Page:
Faculty Appreciation Month – Meet Aaron Andrews

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Aaron, 33, from Killeen, TX, is an electrical instructor at Tulsa Welding School, Dallas Metro campus. Aaron joined the school in December 2023 and is currently instructing the Fundamentals of Solar phase.

Thanks for your time, Aaron; so, how did you get started in the electrical field?

Honestly, after high school I was just working jobs, trying to figure out what I wanted in life. About 13 years ago I met a friend who was an electrician. We were hanging out and he asked if I’d ever given any thought to becoming an electrician? I’ve always been in blue collar work, whether it was concrete or framing houses, so we talked about it some more. I decided to apply for an electrical apprentice position, and they offered me $2/hour more than what I was making. And this was as an apprentice in a career I knew nothing about really. So, I took the job and before I knew it, I fell in love with it. We were just in and out of different jobs every day. I did commercial work, residential work, service work, new construction, remodeling, you name it, we did it. I was an apprentice for two years before I got my wireman’s license which allowed me to do residential work.

What’s the advantage of going to an electrician school, like the program Tulsa Welding School offers?

The difference is when you go to school, you don’t just learn the hands-on part, you also learn the code, the book, the intellectual part. You get both sides of it. When I was in the field, all I got was hands-on, so it took me a little longer to grasp what I needed to learn because I didn’t go to school. I definitely recommend going to school because it 100% gives you a head start when you first get out there in the field.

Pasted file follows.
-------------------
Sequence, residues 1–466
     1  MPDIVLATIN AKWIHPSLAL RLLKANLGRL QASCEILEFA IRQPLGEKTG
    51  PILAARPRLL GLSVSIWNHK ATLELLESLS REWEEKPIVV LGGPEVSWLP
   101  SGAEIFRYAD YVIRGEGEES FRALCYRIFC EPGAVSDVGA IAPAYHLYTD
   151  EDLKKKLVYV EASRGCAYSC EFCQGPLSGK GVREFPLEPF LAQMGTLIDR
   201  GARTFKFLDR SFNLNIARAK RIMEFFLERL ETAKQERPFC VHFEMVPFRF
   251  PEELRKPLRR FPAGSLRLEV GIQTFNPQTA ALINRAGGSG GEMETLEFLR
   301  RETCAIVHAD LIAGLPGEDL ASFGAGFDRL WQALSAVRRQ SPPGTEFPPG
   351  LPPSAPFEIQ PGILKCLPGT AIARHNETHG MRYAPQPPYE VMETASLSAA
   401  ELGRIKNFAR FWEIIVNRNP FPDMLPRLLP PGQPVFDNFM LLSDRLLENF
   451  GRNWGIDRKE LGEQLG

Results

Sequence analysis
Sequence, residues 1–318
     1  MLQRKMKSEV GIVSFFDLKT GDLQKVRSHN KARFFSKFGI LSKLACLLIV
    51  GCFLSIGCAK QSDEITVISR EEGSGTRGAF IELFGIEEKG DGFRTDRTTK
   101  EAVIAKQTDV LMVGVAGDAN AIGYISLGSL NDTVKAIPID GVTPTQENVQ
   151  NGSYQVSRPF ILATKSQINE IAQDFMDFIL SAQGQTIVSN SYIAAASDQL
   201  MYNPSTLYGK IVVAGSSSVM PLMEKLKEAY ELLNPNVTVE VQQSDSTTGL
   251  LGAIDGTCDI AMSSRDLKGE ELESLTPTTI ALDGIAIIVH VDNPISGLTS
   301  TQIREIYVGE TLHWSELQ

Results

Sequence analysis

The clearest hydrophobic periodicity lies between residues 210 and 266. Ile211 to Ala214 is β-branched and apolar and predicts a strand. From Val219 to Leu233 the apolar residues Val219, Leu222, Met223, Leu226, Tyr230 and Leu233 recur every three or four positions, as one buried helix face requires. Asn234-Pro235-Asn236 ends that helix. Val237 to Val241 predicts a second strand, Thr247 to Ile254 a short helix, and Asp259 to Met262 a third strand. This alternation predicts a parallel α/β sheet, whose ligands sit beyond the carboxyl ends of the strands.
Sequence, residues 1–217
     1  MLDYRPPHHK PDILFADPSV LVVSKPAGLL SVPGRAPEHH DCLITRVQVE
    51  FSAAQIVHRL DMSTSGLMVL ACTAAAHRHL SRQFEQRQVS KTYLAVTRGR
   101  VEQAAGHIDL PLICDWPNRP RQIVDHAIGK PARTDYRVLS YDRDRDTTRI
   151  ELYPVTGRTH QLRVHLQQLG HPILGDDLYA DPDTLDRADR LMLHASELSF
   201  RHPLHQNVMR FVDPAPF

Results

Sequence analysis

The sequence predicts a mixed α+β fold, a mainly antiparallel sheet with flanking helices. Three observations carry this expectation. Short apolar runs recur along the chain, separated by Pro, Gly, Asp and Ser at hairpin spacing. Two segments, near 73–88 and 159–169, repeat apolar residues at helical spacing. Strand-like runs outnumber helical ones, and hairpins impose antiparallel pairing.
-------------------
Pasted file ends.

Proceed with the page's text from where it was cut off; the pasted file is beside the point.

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Does going to school also shorten the apprenticeship period?

Yes, it does shorten it because you get your licensing based off of hours; when you graduate from TWS, you already start out with a certain amount of hours under your belt as you go into the field.

What did your career look like once you got your license?

I spent the majority of my career doing residential service, that’s where my expertise is. I dealt a lot with customers one-on-one; going to peoples’ houses on a daily basis, fixing stuff, doing installs, troubleshooting, anything that was needed. For that work, you have to be a people person. You can’t be the world’s best electrician but be scared of people. I tell my students that all the time: the kind of work you end up doing in the HVAC/electrical field really just depends on your personality. Students who don’t mind talking will probably be okay working with customers, whereas students who aren’t talkative, who keep themselves to themselves, will be better in new construction or commercial work.

As a boy, what did you want to be when you grew up? 

I wanted to be a zoologist. I’ve always loved animals. I still do. But as I got older, I realized there are a lot more people who want that job than the number of zoologist jobs available. Plus, a zoologist means a lot of school and debt! I wanted a career where jobs were more attainable, where I would always find work. 

Why did you decide to go into teaching last year?

I started training people after I’d been in the field for about eight years. I trained a lot of apprentices and made them technicians. They’d ride with me, learn from me, and eventually they’d get their own license and go out on their own. But it was maybe two, three, four guys at a time; it was never like a full classroom. 

But I always enjoyed it, because as I was teaching them, I could see the results. I could see them learning and growing. I could see the results of my training, and it always made me feel really good that I was helping people go forward in their career path. So eventually I came across a job opening with Tulsa Welding School, and I jumped on it because I felt like that this was where I needed to be.

Six months in, what do you like best about it?

Dealing one-on-one with students. I’m happy to see them every day, I enjoy it. Most of them have little to no experience, so everything is new for them. I can see their excitement, that they really want to do this. You don’t pay good money to learn something that you’re not interested in, at least you shouldn’t!